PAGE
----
Tears of joy

It would be my first of seven talks in California that I would give on The Cold War and my recently published book, “The Repatriate: Love Basketball and the KGB”. Our first stop was Mission Hills, a serene senior citizens community that has a notable museum, the Ararat Eskijian, on its spacious and plush site.

After describing some of the hardships that Soviets and Armenian American repatriates faced daily, the long bread lines, the night vigils at stores waiting for them to open in hopes of finding sugar or butter or any edible items in the morning to place on the table for their families, I spotted an elderly woman in the crowd with tears in her eyes. I continued with my talk, though I paused briefly to tell the woman that my story did have a happy ending – that I actually survived 13 years in the USSR. She smiled, but one could see torment on her face.

I was not there to arouse anger, or pity, or any other emotion…I was there to provide information about a group of 151 Armenian Armenians who in 1947 made history by returning to their ancestral lands, controlled by the Soviets at the time, to help rebuild a war-torn nation, a nation that was, incidentally, an ally to the USA during World War II.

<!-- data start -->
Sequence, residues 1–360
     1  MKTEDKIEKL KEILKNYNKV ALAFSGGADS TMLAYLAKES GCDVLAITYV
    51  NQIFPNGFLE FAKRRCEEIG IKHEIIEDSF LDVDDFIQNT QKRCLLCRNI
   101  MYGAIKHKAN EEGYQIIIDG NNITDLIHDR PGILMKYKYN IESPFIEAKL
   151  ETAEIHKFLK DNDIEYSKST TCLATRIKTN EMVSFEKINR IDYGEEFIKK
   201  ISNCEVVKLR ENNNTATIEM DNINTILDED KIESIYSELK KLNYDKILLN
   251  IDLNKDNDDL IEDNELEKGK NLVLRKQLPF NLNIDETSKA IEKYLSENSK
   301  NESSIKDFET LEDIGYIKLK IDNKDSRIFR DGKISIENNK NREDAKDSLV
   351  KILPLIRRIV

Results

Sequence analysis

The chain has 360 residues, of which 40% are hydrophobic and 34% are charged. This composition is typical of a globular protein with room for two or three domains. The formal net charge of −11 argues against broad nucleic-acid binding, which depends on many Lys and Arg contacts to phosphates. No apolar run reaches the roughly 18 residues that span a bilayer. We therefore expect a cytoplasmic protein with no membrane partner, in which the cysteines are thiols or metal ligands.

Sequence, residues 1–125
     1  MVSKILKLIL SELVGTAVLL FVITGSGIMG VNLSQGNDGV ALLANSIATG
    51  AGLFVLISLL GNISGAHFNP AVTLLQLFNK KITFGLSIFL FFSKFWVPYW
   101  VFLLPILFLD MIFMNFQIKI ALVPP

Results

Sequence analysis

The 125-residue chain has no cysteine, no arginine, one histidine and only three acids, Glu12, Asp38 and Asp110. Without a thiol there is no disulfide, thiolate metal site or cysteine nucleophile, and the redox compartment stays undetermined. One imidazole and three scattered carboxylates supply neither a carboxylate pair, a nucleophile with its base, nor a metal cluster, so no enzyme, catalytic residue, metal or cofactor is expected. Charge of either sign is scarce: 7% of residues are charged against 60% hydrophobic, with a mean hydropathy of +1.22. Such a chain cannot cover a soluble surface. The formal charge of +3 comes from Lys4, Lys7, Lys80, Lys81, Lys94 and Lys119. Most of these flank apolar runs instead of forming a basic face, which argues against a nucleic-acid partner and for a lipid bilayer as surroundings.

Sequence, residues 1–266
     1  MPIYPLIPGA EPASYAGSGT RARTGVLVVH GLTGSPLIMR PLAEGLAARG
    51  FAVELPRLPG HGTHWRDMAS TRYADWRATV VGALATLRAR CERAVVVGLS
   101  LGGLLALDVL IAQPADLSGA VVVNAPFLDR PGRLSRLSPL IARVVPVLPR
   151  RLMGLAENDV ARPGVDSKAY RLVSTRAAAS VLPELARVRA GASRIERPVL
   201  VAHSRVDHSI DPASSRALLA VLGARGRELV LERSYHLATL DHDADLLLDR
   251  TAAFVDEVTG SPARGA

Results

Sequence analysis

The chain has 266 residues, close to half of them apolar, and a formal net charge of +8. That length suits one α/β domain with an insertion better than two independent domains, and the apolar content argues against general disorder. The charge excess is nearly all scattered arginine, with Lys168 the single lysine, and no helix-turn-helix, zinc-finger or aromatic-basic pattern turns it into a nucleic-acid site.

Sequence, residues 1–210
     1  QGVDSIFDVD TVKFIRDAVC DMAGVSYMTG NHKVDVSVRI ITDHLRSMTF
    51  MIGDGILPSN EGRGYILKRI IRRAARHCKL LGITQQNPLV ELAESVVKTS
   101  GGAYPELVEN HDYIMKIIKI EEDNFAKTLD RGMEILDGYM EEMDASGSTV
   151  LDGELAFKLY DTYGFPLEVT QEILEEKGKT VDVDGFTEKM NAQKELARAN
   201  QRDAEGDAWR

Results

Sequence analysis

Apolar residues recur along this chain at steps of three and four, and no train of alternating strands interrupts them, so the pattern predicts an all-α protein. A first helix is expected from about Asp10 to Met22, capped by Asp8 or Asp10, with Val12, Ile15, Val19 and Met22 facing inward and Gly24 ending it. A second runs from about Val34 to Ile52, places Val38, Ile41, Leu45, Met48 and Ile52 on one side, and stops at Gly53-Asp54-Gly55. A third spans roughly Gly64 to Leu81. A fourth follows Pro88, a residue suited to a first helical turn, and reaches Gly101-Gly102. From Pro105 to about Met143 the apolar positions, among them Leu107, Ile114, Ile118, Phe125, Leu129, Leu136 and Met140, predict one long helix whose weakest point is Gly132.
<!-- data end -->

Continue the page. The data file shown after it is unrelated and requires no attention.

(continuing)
“There was a lot of disinformation spread on both sides of the Atlantic,” I told the gathering. “The US was also eager to stop the repatriation of Armenians to a country with which it was now locked in an ideological war. I produced an article published in 1951 in a prominent Armenian publication that noted that the Soviets seized from Armenian Americans all their cars, refrigerators, stoves, and valuable possessions upon landing on Soviet soil. That was not true.

“But, after a month in the Soviet Union, living in fear of the secret police, and hungry, most repatriates would have gladly given up all of their possessions if the Soviets would have granted them exit visas.”

Shortly after my talk, the woman whose eyes betrayed her emotions, came up to me, hugged and kissed me on my cheeks – a typical Armenian greeting. She apologized for interrupting the talk, “You see, Mr. Mooradian, I was 11 at the time. My father had also decided to take us on that first ship, but my mother told him he could go but she and her two daughters would not leave America. We stayed here. I have heard many rumors and stories about what happened, but you have given me a first-hand account. I thank God that we stayed here. And I truly am sorry or what you and the others had to go through.”


bookTom Mooradian was one of 151 Americans who traveled to Soviet Armenia to repatriate during the 1940’s. Thought to be a spy by the KGB, Tom miraculously survived 13 years behind the Iron Curtain winning the hearts of the Soviets through his basketball prowess.  Filled with political drama, romance, and intrigue, Tom’s autobiography, The Repatriate reads like a novel, and will have you guessing how Tom managed to return to America alive.
The Second Edition is now available on Kindle and in Paperback!